The remarkable turnaround was complete by Tuesday with news that Bundee Aki and Ultan Dillane, two prized assets reportedly pursued by Munster and others, had been signed up for long term deals. The message was clear, two world class players were thriving with Connacht and had no firm intentions of changing that narrative any time soon. At the same point where Henshaw sought new challenges, these two men saw no need for such a route.
Aki, Henshaw, Dillane and Muldoon like Eric Elwood, Johnny O’Connor, Junior Charlie and Simon Geoghegan before them are no different than any other rugby heroes from the west. They aren’t perfect, they don’t have any neatly defined back stories to compare, they have had to look after their own self interests at different junctures also but they will always be remembered for their ability to excel in Connacht teams, to thrive in this environment.
Image: Robbie Henshaw adjusting to the Leinster jersey
Speaking of heroes, Robbie Henshaw’s departure will still rankle with many in the west, sure, in part because the sight of him in blue is a jarring one for those that watched him emerge in his homeland but much more so because there is an innate belief in those who watch Connacht week in week out, that there is no better province to be playing rugby in at this very moment than the one coached by Pat Lam.
Henshaw only once started in the 12 jersey for Connacht in his four year career, he played predominantly at 13 and 15. A more creative role, a leadership role, a role where he could explore the full range of his skillet even if his Ireland sojourns were very much in the number 12 power runner and defender role.
Out west, the feeling is that he had a perfect balance here as opposed to a very limiting role in Leinster. It’s just a view from a different perspective but make no mistake, virtually no one here is buying into the prevailing Leinster narrative that the move was better for his career. Almost all wish him well though and quietly expect him back in green at some point in the future.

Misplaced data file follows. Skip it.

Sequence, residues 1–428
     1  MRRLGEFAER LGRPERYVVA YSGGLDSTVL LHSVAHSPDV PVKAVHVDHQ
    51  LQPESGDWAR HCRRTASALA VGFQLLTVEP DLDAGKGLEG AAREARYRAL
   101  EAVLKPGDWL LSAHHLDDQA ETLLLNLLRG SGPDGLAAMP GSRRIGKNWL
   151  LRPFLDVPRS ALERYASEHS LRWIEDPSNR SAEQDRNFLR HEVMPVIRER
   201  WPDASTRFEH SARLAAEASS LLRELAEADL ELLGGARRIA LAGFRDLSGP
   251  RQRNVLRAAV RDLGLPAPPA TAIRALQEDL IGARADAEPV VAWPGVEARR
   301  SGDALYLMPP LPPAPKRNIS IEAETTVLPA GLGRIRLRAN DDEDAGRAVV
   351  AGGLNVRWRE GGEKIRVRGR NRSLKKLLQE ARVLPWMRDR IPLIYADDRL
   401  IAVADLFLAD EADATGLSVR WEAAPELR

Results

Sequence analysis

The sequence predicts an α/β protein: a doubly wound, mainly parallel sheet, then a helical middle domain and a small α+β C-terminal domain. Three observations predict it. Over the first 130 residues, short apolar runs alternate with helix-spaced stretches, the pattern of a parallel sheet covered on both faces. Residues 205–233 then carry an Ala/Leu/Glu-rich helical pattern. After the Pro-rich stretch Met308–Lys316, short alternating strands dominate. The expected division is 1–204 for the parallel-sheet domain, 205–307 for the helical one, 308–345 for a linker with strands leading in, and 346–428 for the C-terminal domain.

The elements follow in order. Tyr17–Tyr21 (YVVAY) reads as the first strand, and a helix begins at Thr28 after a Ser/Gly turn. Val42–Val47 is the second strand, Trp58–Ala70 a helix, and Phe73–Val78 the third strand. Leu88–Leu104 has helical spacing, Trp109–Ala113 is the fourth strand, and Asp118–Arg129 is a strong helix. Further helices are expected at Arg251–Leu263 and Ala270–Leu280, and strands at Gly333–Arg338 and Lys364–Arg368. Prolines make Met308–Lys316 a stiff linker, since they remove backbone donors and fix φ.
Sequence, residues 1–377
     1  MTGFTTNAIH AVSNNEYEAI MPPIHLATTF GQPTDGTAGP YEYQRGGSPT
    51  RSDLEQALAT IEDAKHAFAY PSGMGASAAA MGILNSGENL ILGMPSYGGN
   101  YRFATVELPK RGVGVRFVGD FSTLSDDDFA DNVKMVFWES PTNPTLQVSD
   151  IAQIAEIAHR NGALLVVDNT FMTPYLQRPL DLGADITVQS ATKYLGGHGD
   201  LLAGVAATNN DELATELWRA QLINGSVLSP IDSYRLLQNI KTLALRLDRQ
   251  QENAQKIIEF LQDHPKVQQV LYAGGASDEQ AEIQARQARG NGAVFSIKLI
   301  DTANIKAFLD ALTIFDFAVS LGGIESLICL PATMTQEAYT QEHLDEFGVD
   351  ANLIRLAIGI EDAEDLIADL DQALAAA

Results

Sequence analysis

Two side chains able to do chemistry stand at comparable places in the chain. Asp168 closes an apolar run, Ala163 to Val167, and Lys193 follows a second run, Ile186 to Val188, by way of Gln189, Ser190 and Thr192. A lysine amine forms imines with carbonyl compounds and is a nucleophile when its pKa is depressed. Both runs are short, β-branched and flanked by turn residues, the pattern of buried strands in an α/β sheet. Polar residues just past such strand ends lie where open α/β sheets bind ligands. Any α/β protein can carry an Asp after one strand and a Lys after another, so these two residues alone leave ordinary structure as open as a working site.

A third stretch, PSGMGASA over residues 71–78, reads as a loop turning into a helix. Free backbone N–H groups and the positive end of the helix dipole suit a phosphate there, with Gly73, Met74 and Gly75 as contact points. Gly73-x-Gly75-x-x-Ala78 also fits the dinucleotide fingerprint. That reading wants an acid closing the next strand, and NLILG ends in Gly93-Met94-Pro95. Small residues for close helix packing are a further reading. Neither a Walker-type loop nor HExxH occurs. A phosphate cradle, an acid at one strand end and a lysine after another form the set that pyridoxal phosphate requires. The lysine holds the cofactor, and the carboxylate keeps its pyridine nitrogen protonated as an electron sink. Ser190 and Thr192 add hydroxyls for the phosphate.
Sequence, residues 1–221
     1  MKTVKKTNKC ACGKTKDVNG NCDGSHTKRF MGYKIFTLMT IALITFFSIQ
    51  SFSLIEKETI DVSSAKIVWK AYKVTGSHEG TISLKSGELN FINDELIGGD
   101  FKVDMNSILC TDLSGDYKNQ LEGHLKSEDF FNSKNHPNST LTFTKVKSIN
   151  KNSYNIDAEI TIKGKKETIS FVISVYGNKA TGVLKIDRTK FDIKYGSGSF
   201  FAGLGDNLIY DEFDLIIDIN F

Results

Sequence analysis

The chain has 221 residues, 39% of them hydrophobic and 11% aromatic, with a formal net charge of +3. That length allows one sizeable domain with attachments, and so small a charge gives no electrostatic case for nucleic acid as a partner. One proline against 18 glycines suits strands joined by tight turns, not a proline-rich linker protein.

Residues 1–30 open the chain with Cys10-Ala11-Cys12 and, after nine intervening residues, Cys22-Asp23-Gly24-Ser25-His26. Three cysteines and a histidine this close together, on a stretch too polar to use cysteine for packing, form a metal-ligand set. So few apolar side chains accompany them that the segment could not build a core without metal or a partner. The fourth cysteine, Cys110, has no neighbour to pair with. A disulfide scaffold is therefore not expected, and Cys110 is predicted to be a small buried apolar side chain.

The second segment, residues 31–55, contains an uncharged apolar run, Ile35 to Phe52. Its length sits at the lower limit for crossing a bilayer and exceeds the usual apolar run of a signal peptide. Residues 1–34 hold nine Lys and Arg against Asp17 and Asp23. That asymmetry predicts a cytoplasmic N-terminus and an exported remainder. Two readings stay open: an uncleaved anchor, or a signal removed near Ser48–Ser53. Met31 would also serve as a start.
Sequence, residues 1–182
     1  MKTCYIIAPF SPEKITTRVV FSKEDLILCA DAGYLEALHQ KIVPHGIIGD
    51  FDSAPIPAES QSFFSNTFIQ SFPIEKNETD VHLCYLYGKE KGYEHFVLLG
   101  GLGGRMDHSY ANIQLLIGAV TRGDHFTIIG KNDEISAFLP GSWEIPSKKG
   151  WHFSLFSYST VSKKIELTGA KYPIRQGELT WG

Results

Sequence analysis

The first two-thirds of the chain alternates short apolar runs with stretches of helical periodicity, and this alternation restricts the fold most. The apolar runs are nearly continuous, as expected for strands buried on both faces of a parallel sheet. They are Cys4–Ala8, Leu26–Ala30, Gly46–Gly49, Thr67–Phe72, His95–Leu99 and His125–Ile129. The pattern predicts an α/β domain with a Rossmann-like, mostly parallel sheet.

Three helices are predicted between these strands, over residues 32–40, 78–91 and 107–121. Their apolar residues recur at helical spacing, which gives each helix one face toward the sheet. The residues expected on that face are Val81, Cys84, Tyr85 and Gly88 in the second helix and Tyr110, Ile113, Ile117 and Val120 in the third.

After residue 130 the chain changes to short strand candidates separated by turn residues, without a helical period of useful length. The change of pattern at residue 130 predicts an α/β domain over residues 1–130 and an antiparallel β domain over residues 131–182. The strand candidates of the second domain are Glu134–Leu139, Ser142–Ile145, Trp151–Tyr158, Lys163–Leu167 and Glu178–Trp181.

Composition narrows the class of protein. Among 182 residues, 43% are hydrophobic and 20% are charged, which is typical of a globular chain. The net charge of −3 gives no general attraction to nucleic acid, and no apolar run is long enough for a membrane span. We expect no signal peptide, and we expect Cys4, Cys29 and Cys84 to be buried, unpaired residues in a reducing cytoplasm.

Bundee Aki is the new folk hero in town and will be until 2020 all going well. He tells us on his very active (at times too active) twitter account that he bleeds green. He bleeds for the team too as we saw against Toulouse and he just seems to get the innate need of people from the west to be seen and recognised as a little bit different from other parts of Ireland, to underline the distinctly creative and expressive culture that exists in these parts.
In the meantime, Leinster, Munster and Ulster are all progressing nicely too though. Leinster haven’t wavered all that much in recent years anyhow. Their new look team has yielded wins and plenty of Ireland call ups while the PRO12 champions have only three Connacht (but Ireland’s loss is their gain in that regard).
The blues will be short a few on Saturday, Connacht will be too because of injuries but by a large they should be in better shape as they search for a first win in Dublin since 2002. This is another test, arguably bigger than what we’ve witnessed in the last four weeks.
Expect a big traveling support from the west. Expect the hosts to attempt to bully and dominate at the breakdown where Mike McCarthy and Sean O’Brien will be looking to restore the old storylines to this fixture. Finally, expect a Connacht team fully prepared for that challenge and ready to put their new brand of rugby to the test once more. Fearless and controlled. This is a new era.